The UK's chief negotiator David Frost said on Thursday that Britain is a long way from finalising a free trade deal with the European Union and will eventually have to seriously consider leaving with no deal.
“I hope we can make some constructive process at the next round", said Frost.
“At some point (we will have a) need to provide maximum certainty to businesses and economic operators about what is going to happen at the end of the year. At some point prioritising readiness for the end of the year will loom larger than the negotiating process but we’re not at that point at the moment", he added.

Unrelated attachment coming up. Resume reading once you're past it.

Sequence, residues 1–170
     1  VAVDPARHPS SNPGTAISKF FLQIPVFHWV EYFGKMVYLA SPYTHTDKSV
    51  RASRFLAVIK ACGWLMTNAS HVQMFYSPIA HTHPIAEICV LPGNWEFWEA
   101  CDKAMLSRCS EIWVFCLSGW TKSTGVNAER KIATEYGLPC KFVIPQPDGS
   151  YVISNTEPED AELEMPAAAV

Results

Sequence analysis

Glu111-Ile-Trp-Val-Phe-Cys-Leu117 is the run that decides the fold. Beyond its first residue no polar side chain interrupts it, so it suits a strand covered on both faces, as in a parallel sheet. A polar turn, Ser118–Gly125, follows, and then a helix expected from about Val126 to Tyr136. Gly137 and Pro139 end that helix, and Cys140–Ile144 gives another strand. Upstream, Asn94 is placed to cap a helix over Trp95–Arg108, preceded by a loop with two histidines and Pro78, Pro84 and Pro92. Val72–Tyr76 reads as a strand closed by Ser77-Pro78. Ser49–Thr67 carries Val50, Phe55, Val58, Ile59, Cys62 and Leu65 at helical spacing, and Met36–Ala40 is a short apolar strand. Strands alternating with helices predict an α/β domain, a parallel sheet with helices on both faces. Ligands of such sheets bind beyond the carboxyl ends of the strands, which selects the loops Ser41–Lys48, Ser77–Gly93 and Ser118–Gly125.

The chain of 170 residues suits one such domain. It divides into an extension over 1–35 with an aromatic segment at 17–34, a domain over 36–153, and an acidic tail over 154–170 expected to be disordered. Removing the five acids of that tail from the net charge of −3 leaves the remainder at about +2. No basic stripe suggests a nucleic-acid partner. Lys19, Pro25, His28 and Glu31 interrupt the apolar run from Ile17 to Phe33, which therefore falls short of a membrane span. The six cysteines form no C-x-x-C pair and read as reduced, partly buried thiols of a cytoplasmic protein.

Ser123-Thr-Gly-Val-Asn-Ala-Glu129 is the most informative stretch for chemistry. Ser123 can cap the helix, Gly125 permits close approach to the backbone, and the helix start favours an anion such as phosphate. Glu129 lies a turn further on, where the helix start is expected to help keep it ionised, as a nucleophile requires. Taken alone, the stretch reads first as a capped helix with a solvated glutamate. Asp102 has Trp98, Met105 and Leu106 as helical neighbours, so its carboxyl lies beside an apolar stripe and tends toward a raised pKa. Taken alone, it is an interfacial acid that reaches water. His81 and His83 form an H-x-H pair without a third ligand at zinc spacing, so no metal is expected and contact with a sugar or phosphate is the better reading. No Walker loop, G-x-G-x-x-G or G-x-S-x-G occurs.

Frost's comments come as the UK and the EU are struggling to continue ongoing talks to establish a comprehensive trade deal with both sides accusing each other of demanding unreasonable prerequisites.
In a letter to his EU counterpart Michel Barnier last Tuesday, Frost complained that the bloc was asking for a "low-quality" trade deal with oversight of our laws and institutions which was "unprecedented" by other trade agreements with non-EU countries.
The EU has blamed the UK for the lack of progress in trade negotiations with Nicola Beer, vice president of the European Parliament, saying that the onus is on Britain to "speed up" the finalisation or request an extension.
Michel Barnier has said that the EU remains "open" to an extension to the transition period between the UK's formal departure from the bloc in January and the withdrawal from the Single Market and the Customs Union.
The UK's opposition Scottish National Party and Liberal Democrats have called for the government to request an extension.